New U.K. Army Chief Faces Two Battles: Taliban and Resources

New U.K. Army Chief Faces Two Battles: Taliban and Resources


When Gen. Sir David Richards takes over as head of the British army on Friday he inherits two battlefields: the war in Afghanistan, and a battle for resources between the U.K.'s military and government.

On both counts Gen. Richards, a respected soldier who earned his stripes in the jungles of Sierra Leone, faces tough challenges. As the second-biggest contributor of North Atlantic Treaty Organization troops in Afghanistan, the U.K. has suffered high casualties, sapping public support for the war at home.

A Fight on Many Fronts

A Chinook helicopter brought in fresh supplies to U.K. forces in Helmand Province in mid-July.

One reason for that, according to some critics in the U.K., is that the army is hampered by a lack of resources after decades of cutbacks by Downing Street. Gen. Richards may soon hit the same quandary his predecessors struggled with: trying to play the role of a superpower with a military that hasn't been funded to play that part since World War II.

The U.K. has found it difficult to adapt its military hardware, within a budget, for conflicts that have morphed from the Cold War to peacekeeping operations to insurgency over the past 20 years. That problem will get harder as the U.K. faces budget cuts to battle its record debt, a situation that is heightening tensions between military and political leaders.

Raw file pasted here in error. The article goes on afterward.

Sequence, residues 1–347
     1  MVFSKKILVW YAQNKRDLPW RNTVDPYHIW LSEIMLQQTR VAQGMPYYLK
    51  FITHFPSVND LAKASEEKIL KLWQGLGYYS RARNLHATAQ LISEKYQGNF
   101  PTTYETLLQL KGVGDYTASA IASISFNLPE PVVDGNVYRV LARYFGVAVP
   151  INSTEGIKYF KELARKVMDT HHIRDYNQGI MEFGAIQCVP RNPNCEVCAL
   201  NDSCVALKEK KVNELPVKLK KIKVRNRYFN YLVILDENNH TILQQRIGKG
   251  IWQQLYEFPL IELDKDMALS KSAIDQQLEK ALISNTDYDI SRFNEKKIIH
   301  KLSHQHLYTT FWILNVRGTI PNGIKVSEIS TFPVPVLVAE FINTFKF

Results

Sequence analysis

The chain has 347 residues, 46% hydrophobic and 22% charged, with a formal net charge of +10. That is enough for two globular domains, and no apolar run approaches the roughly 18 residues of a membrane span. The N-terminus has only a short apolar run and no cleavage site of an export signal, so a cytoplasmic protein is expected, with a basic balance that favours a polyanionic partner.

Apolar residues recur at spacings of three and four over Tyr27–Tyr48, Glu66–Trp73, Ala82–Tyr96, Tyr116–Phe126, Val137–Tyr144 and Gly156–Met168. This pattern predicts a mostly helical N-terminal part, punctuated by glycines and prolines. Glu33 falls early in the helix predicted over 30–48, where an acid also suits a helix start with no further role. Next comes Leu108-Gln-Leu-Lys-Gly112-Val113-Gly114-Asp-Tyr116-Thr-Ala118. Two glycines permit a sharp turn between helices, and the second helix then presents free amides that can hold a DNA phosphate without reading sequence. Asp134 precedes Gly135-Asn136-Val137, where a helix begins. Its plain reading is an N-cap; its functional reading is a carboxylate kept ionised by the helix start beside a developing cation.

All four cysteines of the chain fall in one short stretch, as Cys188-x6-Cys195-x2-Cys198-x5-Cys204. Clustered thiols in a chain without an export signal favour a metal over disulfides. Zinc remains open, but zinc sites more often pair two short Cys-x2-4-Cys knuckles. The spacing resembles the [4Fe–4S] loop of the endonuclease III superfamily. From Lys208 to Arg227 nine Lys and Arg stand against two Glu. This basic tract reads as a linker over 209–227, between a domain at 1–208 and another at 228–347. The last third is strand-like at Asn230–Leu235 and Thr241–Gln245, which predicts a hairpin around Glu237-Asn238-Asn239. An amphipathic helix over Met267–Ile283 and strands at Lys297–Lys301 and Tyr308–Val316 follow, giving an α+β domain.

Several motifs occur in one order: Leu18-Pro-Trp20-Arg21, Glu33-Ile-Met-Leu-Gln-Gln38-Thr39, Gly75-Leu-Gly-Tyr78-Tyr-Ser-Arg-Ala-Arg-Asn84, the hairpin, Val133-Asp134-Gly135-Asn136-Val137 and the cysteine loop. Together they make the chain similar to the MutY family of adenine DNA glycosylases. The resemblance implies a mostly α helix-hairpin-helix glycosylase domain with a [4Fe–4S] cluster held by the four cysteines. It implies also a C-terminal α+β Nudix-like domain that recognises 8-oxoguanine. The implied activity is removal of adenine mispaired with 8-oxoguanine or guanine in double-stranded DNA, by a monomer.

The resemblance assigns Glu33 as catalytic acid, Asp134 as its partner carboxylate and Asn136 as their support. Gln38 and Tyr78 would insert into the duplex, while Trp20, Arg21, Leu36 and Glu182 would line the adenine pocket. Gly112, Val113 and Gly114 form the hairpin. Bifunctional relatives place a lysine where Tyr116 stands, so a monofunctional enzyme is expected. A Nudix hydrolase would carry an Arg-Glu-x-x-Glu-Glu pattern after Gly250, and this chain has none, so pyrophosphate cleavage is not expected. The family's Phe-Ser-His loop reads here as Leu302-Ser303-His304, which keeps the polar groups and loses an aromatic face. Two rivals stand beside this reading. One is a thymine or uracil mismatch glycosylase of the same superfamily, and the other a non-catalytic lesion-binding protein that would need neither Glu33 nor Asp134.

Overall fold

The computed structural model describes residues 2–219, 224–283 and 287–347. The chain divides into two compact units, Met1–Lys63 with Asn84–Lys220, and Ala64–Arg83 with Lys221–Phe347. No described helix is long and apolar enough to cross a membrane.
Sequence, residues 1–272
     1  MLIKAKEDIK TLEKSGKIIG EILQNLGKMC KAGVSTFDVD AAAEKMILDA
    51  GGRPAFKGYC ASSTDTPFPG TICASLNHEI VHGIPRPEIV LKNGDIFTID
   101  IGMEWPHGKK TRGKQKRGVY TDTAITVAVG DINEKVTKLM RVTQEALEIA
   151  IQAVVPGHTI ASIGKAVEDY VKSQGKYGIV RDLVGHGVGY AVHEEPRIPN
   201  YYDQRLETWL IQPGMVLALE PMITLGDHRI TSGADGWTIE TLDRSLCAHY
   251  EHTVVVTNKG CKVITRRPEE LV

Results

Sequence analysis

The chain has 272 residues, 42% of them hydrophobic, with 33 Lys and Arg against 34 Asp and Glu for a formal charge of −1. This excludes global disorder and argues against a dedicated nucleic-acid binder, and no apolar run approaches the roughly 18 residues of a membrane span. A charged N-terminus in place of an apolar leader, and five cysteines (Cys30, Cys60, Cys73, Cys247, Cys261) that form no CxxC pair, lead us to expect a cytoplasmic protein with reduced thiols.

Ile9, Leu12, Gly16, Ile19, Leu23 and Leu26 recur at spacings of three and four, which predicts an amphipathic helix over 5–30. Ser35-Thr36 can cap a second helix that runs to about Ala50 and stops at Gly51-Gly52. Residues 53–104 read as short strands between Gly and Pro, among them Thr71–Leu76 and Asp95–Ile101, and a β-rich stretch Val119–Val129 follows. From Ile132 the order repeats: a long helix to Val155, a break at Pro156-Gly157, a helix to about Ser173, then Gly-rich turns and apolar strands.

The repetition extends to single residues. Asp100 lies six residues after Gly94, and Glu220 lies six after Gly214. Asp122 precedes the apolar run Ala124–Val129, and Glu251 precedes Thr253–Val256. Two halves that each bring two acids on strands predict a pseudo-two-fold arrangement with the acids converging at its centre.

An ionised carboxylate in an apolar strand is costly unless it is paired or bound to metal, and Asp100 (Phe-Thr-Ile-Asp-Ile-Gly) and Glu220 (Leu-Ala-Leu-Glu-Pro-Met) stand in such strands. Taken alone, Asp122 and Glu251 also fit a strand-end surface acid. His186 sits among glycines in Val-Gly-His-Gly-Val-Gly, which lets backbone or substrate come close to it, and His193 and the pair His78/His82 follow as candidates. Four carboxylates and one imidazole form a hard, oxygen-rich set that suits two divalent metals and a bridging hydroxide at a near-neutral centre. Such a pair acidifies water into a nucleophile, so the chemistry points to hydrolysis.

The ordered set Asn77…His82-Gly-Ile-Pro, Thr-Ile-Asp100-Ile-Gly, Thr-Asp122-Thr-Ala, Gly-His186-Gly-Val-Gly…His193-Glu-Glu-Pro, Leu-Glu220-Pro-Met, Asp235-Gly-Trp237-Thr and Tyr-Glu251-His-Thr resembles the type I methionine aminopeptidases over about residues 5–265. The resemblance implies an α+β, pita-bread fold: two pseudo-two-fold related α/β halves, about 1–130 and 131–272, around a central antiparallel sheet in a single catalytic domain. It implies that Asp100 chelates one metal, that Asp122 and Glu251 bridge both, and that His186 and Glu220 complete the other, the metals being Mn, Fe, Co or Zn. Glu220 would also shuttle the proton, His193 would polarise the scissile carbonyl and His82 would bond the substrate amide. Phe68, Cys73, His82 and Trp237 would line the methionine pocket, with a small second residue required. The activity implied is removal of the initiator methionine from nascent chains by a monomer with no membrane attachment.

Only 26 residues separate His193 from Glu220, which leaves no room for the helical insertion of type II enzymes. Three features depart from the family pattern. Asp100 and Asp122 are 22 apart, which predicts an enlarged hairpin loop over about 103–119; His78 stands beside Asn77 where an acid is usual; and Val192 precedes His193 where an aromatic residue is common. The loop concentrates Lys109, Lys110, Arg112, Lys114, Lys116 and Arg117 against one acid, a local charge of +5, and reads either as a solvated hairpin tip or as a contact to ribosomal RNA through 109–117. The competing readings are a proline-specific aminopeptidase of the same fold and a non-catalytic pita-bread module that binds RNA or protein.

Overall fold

"Gen. Richards steps into the role when the military has become both a heated political debate and at an important stage in the Afghanistan campaign," said Professor Theo Farrell, of the department of war studies at Kings College, London. That debate, he adds, will intensify as the U.K. nears a general election that must be held by June.

Gen. Richards also assumes the role ahead of an expected strategic defense review, an overhaul of military priorities. In it, he will need to defend the army's interests against not just politicians, but also the heads of Britain's navy and air force, which are just as ravenous for resources.

The U.S. faces the same problem, but has more money to throw at a solution. Last year U.K. defense spending was equivalent to 2.8% of its gross domestic product, compared with the U.S. spending almost 5% of an economy more than five times the size, according to Jane's International Defense Review.

Gen. Richards, in a statement ahead of taking over from Gen. Sir Richard Dannatt, acknowledged the challenge. "Looking to the longer term, I will be focusing on making sure that the Army is geared up for future conflict as it evolves in this highly interdependent and globalized era," he said. Gen. Richards declined to be interviewed for this article.

Gen. Sir David Richards, who earned his stripes in the jungles of Sierra Leone, takes over as head of the British army on Friday.

Since 1997, when the current Labour government came to power, the number of people in the U.K. armed forces has been cut around 20% to fewer than 175,000. During that period, Britain has fought in the former Yugoslavia, Iraq and Afghanistan, and maintained a presence in Germany and in former and current colonies such as the Falkland Islands. Because the U.K. is the U.S.'s biggest military ally in Afghanistan, Gen. Richards will be a key player in the conflict going forward.